David McLean's words rip through nerve collage unleashing hoodoo whispers as well as unpredictable outbursts that crush linear glide. brace yourself for a wild ride through heaven and hell collapsing in on themselves. it's more than worth the price of the ticket.


Mark Hartenbach – author of the lost bastard chronicles & bring me the head of Marko X


David McLean’s latest poetry collection “Forever Emma” is his best work to date. The poems scream unadulterated passion -- reading like tortured fever dreams of obsession, madness, absolution, redemption.

Stripped to the bone, we find a love story -- witnessing not only a fusion of selves but also a coming apart and a reassembling. We’re presented with a thirsty all-consuming love -- a love beyond absences, a love beyond even death.

To quote McLean from the poem “she is insect”:



…she is madness in my disgraceful veins, the changeless divine that is Demonica the eternal dressed in words & torture; i am here to worship her, i am hers to murder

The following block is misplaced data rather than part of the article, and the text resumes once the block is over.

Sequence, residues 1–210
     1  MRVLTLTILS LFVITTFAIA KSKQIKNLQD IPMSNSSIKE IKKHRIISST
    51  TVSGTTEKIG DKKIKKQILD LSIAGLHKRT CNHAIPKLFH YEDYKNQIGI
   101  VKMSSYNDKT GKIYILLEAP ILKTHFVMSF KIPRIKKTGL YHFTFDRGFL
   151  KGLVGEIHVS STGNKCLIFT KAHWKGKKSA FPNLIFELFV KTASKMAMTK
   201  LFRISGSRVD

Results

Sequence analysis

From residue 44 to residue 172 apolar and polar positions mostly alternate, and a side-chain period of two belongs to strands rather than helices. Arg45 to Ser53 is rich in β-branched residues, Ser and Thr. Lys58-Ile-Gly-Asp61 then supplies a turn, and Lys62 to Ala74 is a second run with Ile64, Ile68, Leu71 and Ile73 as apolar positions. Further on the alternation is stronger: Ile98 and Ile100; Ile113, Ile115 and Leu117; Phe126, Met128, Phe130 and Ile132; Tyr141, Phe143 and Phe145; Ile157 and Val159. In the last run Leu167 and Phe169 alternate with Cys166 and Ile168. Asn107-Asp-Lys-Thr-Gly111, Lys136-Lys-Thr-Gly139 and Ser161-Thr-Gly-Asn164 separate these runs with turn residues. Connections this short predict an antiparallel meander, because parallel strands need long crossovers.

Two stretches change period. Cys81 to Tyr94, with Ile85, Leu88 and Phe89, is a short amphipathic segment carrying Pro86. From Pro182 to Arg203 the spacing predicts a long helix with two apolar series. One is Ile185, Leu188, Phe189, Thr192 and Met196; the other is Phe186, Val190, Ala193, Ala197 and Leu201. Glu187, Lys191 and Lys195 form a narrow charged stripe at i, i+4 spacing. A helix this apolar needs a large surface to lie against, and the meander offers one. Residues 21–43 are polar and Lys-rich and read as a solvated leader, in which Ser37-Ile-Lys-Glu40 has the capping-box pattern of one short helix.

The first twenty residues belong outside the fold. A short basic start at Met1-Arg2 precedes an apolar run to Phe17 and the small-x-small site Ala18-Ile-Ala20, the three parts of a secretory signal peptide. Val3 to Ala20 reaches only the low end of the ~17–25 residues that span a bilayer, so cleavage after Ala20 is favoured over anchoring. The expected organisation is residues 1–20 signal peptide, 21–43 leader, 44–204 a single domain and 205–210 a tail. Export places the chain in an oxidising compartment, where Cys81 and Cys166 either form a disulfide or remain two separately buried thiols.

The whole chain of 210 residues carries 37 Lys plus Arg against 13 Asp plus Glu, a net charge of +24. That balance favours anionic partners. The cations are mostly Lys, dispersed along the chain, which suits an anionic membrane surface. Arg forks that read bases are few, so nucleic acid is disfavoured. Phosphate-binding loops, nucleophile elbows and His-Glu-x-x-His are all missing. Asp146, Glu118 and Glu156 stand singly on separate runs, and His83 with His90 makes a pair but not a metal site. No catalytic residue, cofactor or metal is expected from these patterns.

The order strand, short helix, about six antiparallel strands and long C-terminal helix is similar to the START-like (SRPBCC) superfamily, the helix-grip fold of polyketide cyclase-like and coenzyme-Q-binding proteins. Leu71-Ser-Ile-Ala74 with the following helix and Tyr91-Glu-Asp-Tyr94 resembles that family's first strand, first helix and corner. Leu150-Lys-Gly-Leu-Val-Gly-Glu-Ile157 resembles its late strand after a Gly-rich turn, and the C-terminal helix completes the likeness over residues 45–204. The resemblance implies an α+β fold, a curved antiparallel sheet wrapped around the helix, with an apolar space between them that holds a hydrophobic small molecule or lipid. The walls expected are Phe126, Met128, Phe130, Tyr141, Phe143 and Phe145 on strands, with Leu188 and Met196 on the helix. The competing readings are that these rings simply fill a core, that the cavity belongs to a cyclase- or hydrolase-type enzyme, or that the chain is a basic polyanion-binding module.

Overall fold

In the midst of his more graphic images of blood and flesh and scarred skin, McLean offers up images of sheer beauty that linger. The one that will stay with me for the longest time appears in the poem “gray.”



it is gray here & i love you – as if every child everywhere were playing a trumpet & nothing would ever happen again except you and i touching


Poetry doesn’t get much better than that.


Barbara H. Moore, Author of Dancing On Broken Glass


I love your word choices. "I prefer the fang." Now the song from "Lost Boys" is playing, "Cry Little Sister" Your love for Emma really comes through. The dark god awful eviscerating truth of real erotic, romantic love in all its complexity.

Misti Rainwater, author of Bullshit Rodeo






Thursday, June 22, 2017

longshadowfall review


Michael Mc Aloran
longshadowfall
book review by David McLean